25. Automated Data Acquisition System • Initial data acquired manually. Permanent data acquisition system will be installed late March. • System trialed at FAA Tech Center • Panasonic Tough Book laptop • Cellular modem IO Tech Data Acquisition System Mitsubishi Programmable Logic Controller 25

  26. Remote Power Supply • Power supply trial set up at FAA • Tech Center • 4 – 120 Watt solar panels • 400 Watt wind generator • Power to be mounted near data collection cabinet 26

  27. Concrete Research 27

  28. Innovative Pavement Research Foundation (IPRF) • FAA has partnered with industry to focus on Concrete research for airfields Program established 2001. • Cooperative Agreement with FAA. • P.I.: Gerald Voigt, ACPA • IPRF Program Manager: Jim Lafrenz • FAA Program Manager: David Brill • Research is funded 100% through FAA grants. • Projects are monitored by IPRF Technical Panels. Panel members include FAA and outside experts. • More information: http://www.iprf.org 28

  29. IPRF Projects 04-2 and 06-3:Concrete Overlay Parameters • NAPTF Construction Cycle 4 (CC4). • Project performed at NAPTF by Quality Engineering Solutions (QES) under contract to IPRF. • QES designed & constructed 3 test items on nominal 8 CBR subgrade (300 LF total). QES is responsible for monitoring the tests, does all analysis & prepares the final report. • Under terms of the Cooperative Agreement with IPRF, the FAA prepared the subgrade, performed plate load tests & operated test vehicle per QES plans.. • Final trafficking of CC4 test items took place on 10/3/06. • Plan for 2007-8 is for QES to perform Phase B testing on reconstructed overlays using IPRF FY06 funds. • Funds: • Phase A (04-2): $900K • Phase B (06-3): $900K 29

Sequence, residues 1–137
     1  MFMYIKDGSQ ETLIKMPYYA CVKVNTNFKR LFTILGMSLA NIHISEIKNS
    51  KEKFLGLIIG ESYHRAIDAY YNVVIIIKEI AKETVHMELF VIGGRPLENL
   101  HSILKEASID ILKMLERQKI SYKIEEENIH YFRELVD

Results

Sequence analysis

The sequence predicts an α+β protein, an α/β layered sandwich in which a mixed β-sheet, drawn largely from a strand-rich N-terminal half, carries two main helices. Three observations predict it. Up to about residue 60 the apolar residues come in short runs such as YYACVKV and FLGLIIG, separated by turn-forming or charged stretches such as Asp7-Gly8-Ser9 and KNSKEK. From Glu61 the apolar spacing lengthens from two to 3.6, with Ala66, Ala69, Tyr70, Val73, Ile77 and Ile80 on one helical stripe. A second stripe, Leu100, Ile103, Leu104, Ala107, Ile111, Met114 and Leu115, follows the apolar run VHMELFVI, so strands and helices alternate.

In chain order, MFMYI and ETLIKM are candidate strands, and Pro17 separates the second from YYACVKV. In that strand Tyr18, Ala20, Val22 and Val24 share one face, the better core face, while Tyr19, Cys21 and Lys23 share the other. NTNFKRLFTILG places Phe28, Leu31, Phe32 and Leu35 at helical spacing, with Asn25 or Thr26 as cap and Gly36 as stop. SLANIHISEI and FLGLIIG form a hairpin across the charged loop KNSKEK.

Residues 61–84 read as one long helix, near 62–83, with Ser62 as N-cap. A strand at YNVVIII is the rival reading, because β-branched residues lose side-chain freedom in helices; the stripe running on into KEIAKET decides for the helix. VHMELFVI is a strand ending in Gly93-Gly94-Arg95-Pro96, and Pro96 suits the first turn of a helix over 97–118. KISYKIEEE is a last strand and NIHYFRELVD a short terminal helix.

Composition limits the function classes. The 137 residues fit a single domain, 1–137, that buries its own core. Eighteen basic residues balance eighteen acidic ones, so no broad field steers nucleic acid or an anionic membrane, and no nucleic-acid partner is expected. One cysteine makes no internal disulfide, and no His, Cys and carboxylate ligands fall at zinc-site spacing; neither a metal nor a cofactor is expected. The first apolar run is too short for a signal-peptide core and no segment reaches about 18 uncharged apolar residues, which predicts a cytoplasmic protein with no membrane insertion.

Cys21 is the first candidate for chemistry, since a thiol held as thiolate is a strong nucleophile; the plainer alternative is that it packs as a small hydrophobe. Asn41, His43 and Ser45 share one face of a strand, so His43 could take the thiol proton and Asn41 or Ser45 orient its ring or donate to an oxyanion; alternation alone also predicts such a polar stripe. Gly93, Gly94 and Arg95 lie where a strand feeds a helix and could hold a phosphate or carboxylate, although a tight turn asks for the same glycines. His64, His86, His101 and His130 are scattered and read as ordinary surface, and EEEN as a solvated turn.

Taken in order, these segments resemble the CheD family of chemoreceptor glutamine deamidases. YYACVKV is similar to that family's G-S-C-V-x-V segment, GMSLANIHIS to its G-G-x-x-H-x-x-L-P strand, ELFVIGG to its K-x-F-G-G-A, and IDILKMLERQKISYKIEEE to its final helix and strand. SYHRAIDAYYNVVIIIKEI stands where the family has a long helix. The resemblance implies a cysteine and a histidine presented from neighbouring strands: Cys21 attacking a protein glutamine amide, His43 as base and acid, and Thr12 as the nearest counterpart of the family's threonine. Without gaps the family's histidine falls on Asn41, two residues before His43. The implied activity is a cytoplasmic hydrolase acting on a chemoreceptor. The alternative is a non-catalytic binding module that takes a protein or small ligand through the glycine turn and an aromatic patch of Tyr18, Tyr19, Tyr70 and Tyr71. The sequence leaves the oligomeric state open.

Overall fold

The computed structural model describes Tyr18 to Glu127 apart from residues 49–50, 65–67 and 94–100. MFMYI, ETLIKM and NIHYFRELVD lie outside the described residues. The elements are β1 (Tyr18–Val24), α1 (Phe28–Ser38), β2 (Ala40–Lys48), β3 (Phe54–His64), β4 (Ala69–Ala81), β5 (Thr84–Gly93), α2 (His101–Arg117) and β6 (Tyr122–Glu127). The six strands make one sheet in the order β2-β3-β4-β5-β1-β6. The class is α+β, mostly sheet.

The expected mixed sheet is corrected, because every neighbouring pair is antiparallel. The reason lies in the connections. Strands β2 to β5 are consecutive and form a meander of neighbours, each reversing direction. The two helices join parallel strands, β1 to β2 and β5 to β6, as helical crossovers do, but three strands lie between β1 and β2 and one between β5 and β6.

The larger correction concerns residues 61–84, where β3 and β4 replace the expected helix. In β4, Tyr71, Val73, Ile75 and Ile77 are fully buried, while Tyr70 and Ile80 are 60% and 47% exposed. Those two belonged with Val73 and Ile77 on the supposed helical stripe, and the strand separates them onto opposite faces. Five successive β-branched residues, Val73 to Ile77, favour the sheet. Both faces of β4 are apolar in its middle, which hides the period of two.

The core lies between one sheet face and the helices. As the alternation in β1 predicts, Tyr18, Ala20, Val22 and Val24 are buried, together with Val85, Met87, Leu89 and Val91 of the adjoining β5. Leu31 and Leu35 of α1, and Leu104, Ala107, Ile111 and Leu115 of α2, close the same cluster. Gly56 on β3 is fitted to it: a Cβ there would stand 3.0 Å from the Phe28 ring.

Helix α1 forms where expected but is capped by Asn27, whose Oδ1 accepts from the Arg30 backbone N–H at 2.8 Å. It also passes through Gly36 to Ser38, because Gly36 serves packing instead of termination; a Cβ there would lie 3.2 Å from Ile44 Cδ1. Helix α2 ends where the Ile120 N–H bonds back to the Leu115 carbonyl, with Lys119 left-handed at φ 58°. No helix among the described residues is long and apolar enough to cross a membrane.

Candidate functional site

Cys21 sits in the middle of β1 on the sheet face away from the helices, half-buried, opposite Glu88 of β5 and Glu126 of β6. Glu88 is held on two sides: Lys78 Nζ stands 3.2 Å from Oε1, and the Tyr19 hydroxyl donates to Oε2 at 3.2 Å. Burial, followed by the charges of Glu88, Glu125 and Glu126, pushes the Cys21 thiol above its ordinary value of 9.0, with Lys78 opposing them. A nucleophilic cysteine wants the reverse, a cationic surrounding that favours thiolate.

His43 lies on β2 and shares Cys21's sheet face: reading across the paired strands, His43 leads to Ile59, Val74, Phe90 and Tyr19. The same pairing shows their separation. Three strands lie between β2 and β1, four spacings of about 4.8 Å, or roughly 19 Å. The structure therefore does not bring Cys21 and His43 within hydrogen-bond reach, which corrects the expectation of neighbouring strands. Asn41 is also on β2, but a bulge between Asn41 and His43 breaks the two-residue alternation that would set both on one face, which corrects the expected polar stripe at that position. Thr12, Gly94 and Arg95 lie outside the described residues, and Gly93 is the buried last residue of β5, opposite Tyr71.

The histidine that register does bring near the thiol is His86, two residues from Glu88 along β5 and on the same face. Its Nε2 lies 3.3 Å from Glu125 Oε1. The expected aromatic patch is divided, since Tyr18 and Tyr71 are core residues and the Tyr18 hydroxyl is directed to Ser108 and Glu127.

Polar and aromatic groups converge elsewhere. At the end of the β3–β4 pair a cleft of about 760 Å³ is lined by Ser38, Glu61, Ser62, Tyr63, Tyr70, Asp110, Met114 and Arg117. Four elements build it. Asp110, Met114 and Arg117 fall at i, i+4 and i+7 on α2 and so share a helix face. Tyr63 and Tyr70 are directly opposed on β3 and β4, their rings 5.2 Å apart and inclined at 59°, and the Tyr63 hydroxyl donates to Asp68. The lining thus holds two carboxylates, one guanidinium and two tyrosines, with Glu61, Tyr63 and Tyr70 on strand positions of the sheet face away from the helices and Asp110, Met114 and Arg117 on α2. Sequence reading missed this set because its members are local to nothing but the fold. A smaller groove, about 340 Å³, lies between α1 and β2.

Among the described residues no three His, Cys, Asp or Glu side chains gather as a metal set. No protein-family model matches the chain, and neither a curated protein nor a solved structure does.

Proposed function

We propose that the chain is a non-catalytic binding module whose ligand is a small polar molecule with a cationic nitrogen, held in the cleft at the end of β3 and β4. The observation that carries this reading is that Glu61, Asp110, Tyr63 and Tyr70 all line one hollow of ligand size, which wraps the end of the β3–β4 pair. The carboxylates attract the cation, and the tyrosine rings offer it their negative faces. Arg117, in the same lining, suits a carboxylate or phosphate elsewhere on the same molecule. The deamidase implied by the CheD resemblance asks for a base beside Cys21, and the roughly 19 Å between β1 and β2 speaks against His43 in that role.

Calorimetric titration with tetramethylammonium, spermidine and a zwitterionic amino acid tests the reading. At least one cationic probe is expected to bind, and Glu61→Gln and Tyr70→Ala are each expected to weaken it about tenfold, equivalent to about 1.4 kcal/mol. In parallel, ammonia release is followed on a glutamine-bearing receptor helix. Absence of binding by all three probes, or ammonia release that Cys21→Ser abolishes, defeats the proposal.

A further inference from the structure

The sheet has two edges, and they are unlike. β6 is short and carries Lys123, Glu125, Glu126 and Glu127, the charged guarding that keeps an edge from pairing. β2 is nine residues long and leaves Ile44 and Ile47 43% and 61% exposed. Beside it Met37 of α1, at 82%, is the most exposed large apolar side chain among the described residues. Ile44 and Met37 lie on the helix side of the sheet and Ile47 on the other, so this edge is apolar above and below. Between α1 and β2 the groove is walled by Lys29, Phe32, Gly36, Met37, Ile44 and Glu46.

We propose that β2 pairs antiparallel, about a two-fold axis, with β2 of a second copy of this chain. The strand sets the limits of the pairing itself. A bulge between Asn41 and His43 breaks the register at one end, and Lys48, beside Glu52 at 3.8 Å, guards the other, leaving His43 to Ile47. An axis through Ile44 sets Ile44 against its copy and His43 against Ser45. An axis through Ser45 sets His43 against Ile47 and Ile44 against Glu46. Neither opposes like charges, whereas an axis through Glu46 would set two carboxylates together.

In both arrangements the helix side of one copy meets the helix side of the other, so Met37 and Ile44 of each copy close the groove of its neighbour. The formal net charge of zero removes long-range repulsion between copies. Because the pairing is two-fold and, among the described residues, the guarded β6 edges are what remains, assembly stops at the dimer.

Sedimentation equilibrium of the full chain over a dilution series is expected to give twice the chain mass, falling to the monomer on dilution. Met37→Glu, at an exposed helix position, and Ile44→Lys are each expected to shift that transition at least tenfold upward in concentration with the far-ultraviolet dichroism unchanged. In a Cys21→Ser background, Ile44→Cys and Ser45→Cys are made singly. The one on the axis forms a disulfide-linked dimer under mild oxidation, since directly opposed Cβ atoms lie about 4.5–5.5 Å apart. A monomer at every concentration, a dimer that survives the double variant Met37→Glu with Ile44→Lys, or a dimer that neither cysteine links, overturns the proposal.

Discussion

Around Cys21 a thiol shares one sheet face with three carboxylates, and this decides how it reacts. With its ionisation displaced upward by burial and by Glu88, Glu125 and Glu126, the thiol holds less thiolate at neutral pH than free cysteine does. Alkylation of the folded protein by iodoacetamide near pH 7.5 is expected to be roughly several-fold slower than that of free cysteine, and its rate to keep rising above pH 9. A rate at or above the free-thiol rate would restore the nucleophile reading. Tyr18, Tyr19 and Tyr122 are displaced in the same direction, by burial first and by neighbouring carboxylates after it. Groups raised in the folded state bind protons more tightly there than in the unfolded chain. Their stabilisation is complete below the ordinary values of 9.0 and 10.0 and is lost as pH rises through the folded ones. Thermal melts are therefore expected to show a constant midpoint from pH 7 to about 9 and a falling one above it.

30. CC4 Test Item Profiles WEST EAST 30

  31. IPRF Project 02-04:Airfield Pavement Smoothness Criteria • Comparative analysis of "off-the-shelf" pavement smoothness measurement equipment, technology and indices. • Define appropriate smoothness criteria to be used for acceptance, rehabilitation. • Limited to PCC pavements. • Contractor: APR Consultants, Inc. • Funds: $262K • Final report available 2007. 31

  32. IPRF Project 03-01:Design and Construction Guide for in Pavement Lighting • Best Practices document. • Addresses conflicting requirements between civil engineering and electrical engineering details. • Summary of practices that result in satisfactory installations resulting in minimal maintenance requirements. • Contractor: Burns Engineering • Funds: $106K • Final report available 2007 32

  33. IPRF Project 04-01:Develop a New Airfield Concrete Pavement Specification • IPRF will make recommendations to FAA for update to Item P-501, Portland Cement Concrete Pavement. • Address all areas of current spec, including concrete mix design; equipment; concrete placement; opening requirements, etc. • Emphasis on end product requirements. • Contractor: CTL Group • Funds: $411K • Final IPRF report & proposed specification: 2007 33